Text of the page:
Flu shot debate may cross into freedom of choice
There are increasing predictions that this winter could be a bad flu season.
The number of flu cases is higher than normal across the nation, including here in Arizona, for this early in the traditional flu season, and federal health officials say the infection rate has not yet reached its peak. It is believed it could be the worst in nearly a decade.
Fortunately, an effective flu vaccine is still readily available. Each year, it is a gamble how effective the vaccination will be since it is based on an educated guess as to which of the various strains of flu will be most prevalent. Health officials say this year's version got it right.
Of course, its effectiveness depends on how many people actually get vaccinated. Like any disease, limiting the infection rate and spread depends on a widespread barrier of people who have been immunized.
Unfortunately, many choose not to do so, especially those who are younger. The most vulnerable are children, the elderly and those with particular chronic health conditions — and doctors generally urge them to take advantage of flu vaccinations.
No flu vaccine is perfect. Some will still come down with the flu even if they are immunized — the flu is a complex disease. Some use this as a reason not to get vaccinated, but doctors point out that even if you did get the flu, it will likely be milder if you have had a flu shot.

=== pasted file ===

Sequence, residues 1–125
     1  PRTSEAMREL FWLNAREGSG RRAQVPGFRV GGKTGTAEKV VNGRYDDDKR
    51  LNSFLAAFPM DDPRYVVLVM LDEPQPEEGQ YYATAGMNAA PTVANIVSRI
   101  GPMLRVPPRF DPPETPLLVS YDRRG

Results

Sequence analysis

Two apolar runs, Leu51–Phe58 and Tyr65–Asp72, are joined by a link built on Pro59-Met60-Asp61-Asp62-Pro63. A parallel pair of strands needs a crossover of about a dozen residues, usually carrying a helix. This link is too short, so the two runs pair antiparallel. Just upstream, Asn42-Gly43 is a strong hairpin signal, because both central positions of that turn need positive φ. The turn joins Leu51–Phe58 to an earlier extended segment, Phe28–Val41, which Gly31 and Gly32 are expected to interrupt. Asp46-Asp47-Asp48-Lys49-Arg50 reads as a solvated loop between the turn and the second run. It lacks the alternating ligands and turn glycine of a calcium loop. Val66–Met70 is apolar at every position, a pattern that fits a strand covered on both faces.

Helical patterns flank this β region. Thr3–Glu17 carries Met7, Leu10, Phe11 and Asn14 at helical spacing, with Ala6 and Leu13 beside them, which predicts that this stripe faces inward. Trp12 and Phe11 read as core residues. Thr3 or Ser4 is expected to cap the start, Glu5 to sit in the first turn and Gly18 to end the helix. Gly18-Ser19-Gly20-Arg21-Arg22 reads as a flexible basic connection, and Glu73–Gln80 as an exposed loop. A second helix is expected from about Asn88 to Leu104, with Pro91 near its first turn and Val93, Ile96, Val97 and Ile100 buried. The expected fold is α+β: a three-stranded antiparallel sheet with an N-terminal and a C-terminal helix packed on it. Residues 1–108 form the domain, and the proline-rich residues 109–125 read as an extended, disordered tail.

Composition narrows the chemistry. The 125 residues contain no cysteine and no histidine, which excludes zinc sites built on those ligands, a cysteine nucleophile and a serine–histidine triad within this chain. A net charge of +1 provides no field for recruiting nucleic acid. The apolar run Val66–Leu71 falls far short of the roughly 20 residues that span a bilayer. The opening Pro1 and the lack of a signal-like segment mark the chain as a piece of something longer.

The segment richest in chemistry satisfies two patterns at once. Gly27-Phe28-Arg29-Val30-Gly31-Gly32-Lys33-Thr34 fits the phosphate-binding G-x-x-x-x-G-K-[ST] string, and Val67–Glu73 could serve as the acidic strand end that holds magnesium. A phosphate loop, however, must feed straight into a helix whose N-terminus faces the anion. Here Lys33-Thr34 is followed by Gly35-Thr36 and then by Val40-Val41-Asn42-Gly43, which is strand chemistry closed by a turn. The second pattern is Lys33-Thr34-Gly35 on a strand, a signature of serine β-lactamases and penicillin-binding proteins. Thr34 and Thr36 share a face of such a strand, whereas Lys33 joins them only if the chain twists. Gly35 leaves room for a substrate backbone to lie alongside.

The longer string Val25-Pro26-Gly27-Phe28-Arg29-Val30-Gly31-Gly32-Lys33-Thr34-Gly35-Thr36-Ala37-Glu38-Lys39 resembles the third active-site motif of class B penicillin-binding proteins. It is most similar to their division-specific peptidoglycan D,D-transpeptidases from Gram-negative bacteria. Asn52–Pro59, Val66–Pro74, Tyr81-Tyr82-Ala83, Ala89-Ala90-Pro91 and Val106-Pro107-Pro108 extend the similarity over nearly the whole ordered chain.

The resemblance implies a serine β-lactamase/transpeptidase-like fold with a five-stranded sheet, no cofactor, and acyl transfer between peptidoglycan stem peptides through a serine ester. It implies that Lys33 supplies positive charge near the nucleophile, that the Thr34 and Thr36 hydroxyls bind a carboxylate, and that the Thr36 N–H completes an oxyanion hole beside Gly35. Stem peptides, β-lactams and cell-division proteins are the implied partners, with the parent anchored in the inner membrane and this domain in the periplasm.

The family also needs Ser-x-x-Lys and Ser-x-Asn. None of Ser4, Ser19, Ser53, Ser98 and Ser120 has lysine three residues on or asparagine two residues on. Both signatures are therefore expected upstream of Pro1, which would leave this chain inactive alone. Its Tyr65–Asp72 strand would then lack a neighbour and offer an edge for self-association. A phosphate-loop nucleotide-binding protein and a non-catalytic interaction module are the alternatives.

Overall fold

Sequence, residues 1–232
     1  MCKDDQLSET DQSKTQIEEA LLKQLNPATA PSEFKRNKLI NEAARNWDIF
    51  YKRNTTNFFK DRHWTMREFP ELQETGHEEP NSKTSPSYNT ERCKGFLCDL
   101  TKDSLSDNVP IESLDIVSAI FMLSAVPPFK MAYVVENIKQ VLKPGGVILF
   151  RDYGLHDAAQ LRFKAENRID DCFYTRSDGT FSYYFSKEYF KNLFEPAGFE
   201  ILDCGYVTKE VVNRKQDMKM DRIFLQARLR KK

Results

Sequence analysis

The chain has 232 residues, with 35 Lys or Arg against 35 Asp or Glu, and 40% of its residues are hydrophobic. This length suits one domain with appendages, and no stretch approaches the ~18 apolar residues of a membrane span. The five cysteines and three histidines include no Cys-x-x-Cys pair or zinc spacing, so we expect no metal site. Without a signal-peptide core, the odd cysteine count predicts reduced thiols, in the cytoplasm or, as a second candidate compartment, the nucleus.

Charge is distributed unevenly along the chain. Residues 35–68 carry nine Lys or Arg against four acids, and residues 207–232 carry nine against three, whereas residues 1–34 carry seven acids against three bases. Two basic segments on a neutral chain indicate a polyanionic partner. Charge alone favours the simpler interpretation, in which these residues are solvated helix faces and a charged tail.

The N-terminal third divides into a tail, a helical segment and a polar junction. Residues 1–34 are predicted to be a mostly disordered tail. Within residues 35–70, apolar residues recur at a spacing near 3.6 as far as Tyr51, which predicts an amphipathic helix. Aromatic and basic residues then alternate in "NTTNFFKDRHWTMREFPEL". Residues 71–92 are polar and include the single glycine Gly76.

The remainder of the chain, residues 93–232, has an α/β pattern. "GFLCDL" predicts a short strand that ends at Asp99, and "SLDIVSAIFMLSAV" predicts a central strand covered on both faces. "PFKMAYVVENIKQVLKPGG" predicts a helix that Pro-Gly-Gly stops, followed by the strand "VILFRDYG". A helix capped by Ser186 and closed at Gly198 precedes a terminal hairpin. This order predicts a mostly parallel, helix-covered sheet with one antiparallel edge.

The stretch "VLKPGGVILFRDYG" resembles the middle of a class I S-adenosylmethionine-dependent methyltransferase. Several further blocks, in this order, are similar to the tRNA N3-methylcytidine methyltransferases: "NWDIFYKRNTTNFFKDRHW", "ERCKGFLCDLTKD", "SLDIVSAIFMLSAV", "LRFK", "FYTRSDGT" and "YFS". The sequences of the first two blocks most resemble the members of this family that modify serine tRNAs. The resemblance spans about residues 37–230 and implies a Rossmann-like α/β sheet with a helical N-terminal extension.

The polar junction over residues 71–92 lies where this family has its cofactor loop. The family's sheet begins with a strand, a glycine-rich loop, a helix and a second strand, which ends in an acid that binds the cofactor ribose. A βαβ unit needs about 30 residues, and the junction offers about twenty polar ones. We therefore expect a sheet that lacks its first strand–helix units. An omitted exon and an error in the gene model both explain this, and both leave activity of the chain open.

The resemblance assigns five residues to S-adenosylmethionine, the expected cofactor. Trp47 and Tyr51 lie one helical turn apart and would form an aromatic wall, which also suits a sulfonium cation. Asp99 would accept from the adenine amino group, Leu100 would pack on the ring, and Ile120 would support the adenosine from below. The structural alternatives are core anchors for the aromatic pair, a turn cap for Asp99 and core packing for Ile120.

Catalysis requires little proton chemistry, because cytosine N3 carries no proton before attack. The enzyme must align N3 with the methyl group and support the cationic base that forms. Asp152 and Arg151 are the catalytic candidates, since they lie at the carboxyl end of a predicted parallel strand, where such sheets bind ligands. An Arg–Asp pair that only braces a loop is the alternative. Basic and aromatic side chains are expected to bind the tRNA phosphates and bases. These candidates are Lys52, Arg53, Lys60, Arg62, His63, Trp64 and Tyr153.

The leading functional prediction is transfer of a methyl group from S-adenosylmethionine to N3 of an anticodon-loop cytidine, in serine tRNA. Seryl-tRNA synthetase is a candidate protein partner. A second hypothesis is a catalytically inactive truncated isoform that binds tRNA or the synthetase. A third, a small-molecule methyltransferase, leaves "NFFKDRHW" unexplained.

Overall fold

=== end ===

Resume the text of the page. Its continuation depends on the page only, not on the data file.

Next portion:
One issue that has emerged in recent years is whether employers — especially health care providers — can require their workers to be vaccinated against the flu.
It is controversial since it crosses the line of freedom of choice, especially about one's own health care.
One might think that health care workers, who are most likely to be exposed to the flu, would automatically choose to be vaccinated. But the reality is many do not, and for the same reasons other people cite for declining.
Still, there does seem to be a special justification in this case for the requirement. Health care workers are not only more likely to be exposed themselves but also more likely to expose others since they come in contact with so many patients.
And even more troubling is that these patients could be particularly vulnerable to serious complications from flu, which can be deadly for those who have compromised immunity systems or chronic diseases.
For that reason, this may be a case where freedom has to be limited because of the potential harm to others.
It will likely eventually be decided in the courts, as is often the case with employment disputes.